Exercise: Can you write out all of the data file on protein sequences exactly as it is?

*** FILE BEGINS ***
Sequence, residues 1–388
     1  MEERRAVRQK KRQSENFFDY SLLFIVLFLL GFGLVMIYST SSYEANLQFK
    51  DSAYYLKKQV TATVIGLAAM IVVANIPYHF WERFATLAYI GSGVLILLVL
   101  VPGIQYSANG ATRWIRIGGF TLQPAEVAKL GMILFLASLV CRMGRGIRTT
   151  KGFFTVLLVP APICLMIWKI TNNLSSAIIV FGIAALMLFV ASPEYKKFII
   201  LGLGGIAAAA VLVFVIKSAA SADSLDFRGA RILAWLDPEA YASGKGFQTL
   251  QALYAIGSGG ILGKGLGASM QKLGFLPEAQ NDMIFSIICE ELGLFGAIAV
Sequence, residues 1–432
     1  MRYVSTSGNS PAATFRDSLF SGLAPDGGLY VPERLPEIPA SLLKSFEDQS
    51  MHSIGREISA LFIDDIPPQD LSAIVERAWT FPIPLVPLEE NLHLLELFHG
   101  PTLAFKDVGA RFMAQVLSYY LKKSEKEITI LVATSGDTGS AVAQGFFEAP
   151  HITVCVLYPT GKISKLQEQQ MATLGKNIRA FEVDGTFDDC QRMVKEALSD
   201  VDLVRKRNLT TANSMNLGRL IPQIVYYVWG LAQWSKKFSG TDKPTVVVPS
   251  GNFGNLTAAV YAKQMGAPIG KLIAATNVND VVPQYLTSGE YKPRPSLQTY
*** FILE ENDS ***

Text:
Sequence, residues 1–388
     1  MEERRAVRQK KRQSENFFDY SLLFIVLFLL GFGLVMIYST SSYEANLQFK
    51  DSAYYLKKQV TATVIGLAAM IVVANIPYHF WERFATLAYI GSGVLILLVL
   101  VPGIQYSANG ATRWIRIGGF TLQPAEVAKL GMILFLASLV CRMGRGIRTT
   151  KGFFTVLLVP APICLMIWKI TNNLSSAIIV FGIAALMLFV ASPEYKKFII
   201  LGLGGIAAAA VLVFVIKSAA SADSLDFRGA RILAWLDPEA YASGKGFQTL
   251  QALYAIGSGG ILGKGLGASM QKLGFLPEAQ NDMIFSIICE ELGLFGAIAV
Sequence, residues 1–432
     1  MRYVSTSGNS PAATFRDSLF SGLAPDGGLY VPERLPEIPA SLLKSFEDQS
    51  MHSIGREISA LFIDDIPPQD LSAIVERAWT FPIPLVPLEE NLHLLELFHG
   101  PTLAFKDVGA RFMAQVLSYY LKKSEKEITI LVATSGDTGS AVAQGFFEAP
   151  HITVCVLYPT GKISKLQEQQ MATLGKNIRA FEVDGTFDDC QRMVKEALSD
   201  VDLVRKRNLT TANSMNLGRL IPQIVYYVWG LAQWSKKFSG TDKPTVVVPS
   251  GNFGNLTAAV YAKQMGAPIG KLIAATNVND VVPQYLTSGE YKPRPSLQTY